• Be honest and accurate in all communications.
  • Reveal sponsors for represented causes and interests.
  • Act in the best interest of clients or employers.
  • Disclose financial interests in a client’s organization.
  • Safeguard the confidences and privacy rights of clients and employees.
  • Follow ethical hiring practices to respect free and open competition.
  • Avoid conflicts between personal and professional interests.
  • Decline representation of clients requiring actions contrary to the Code.
  • Accurately define what public relations activities can accomplish.
  • Report all ethical violations to the appropriate authority.

Is there anything about ethics that surprised you when you began to dive deeper into your career?

Friday, April 17, 2015

We're Just Getting Started

For some organizations, a conference and awards ceremonies are the culmination of a year. For PRAM, they’re just the beginning.

As the recent state conference in Tupelo reminded me, one thing that makes PRAM unique is how so many professional relationships grow out our common interests into lifelong friendships. Finding those connections makes us human, and also Mississippians—just about every introduction leads to talk of where we grew up and who we know as we work out the paths that interlock us all.

But at our core, we are a group of students and professionals aligned to develop our careers and lives, in hopes of bettering ourselves and the organizations and communities we serve. Now that the conference has given us new ideas and inspiration, it’s time to get to the business of creating new opportunities for our colleagues and members to move forward with purpose.

Helping more PRAM members earn accreditation is high on the list of priorities! We are planning the bi-annual APR Boot Camp to coincide with the SPRF Hall of Fame inductions on July 31 in Starkville. More details will follow soon from Susan Christensen, APR.

Also looking ahead... save the date for the 2015 SPRF Conference in Point Clear, Ala., on September 20-23! The conference will feature the Lantern Awards, and entries are due by July 17.

This year, we also want to celebrate what you do and expand our influence in the world of public relations and related fields. You can already see that spirit reflected in our communications and in how successfully the PRAM Conference came together. More will also follow in these areas as the year unfolds.

Thank you being part of PRAM and for sharing the journey with us!

Jim Beaugez, APR
PRAM President

Friday, March 20, 2015

Three Reasons to Attend #PRAM2015

In his famous “1968 Comeback Special” that aired on NBC, Elvis Presley said “You can’t go on doing the same thing year after year.” While his words focused on the music that he was making at that point in his career, they are also true for those of us in public relations! You can’t go on doing the same thing year after year and expect to grow in your career. New technology and social media platforms are popping up every single day; and it is our job to make sure that our message is communicated in a way that our intended audiences and shareholders understand it. Professional development and networking opportunities are vital to becoming the best public relations practitioner you can be, no matter the stage of your career.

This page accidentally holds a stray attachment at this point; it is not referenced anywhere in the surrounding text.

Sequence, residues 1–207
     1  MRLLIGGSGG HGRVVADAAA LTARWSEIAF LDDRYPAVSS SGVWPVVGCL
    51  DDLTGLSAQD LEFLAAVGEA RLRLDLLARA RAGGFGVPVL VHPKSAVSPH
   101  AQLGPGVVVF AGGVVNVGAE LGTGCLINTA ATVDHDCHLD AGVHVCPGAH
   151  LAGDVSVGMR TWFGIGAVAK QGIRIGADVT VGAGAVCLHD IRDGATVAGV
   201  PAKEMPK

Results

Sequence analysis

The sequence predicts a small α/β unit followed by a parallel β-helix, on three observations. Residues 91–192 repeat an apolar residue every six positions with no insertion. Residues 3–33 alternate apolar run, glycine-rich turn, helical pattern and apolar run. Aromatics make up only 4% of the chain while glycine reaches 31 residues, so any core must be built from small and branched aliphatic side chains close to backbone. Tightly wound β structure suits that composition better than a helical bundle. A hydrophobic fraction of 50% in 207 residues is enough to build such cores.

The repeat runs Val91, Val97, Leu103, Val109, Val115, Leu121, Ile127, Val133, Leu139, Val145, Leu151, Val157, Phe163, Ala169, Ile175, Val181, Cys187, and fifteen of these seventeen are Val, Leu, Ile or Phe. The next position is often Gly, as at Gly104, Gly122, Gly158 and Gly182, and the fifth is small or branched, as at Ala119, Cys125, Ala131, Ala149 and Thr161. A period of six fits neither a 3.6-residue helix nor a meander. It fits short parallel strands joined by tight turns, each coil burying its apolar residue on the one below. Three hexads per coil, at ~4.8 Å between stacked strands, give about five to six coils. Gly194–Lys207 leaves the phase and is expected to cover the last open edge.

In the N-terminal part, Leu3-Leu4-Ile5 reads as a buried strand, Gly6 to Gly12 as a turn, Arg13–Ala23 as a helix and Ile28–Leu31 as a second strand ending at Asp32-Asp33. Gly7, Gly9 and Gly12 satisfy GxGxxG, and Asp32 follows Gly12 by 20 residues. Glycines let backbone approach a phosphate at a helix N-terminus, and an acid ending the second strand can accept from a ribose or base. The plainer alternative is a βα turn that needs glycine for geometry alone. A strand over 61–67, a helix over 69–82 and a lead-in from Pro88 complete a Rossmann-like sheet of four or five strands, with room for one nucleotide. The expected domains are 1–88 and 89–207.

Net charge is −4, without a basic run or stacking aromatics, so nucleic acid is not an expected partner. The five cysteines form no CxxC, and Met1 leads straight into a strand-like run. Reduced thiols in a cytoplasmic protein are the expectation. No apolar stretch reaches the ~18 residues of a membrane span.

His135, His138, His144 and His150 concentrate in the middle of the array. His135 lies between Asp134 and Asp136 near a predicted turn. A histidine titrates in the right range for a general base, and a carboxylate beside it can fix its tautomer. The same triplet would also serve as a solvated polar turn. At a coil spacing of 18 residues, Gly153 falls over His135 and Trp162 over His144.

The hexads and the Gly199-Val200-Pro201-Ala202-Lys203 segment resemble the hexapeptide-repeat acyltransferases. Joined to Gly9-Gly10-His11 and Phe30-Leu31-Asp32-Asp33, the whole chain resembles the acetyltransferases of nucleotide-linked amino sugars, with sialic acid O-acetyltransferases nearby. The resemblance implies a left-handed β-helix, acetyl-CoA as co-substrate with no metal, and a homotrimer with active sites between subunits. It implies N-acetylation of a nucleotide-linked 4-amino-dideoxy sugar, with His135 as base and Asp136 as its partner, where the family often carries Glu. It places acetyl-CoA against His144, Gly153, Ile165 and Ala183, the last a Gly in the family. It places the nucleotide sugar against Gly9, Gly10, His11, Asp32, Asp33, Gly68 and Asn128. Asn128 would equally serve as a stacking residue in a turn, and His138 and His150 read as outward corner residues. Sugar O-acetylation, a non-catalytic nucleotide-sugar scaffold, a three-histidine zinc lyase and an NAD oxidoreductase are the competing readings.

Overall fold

This year, the PRAM State Conference will be held in Tupelo, April 8-10. This is the BEST opportunity for you to network with other PR professionals throughout the state, and listen to great speakers who can help you learn new ways to approach your role in public relations. 

Topics will range from PR tactics from one of the country’s most visited homes and crisis communications following a natural disaster to a PRSA Silver Anvil winning case study from the US Navy and PR for the 21st century from a nationally-known speaker. I am confident that you will not find another conference this year that provides such rich professional development specifically for PR professionals - at such a great price.

Need a few reasons to convince your boss, or yourself to make #PRAM2015 a priority? Below are three:
  1. The price. The price. The price. Conferences for our industry do not come cheap, but between the registration, hotel cost and travel - you can come out right around $500. Considering most conference registrations start there, this is a steal!
  2. Quality networking without all the awkward conversations. We are so lucky to have an organization that is filled with compassionate people - and the conversations that happen at this conference are between friends!
  3. Speakers. Shonali Burke is leading the discussion on PR Measurement (and I hear she's a pretty big Elvis fan). Memphis Jones will absolutely lend a hand to helping you communicate better with a specific voice. Kevin Kern works for the legacy of Elvis. And that's just THREE of the speakers. The rest of the lineup will leave you with pages of notes and several tweets worthy of taking home for real-life application. 

The conference theme is “It’s Now or Never,” paying homage to Tupelo’s favorite native son and reminding us all that we can’t go on doing the same thing year after year. When it comes to your career in public relations, it’s now or never... so register today

Thank you. Thank you very much.   

- Jennie Bradford Curlee, VP of Programs/Conference Chair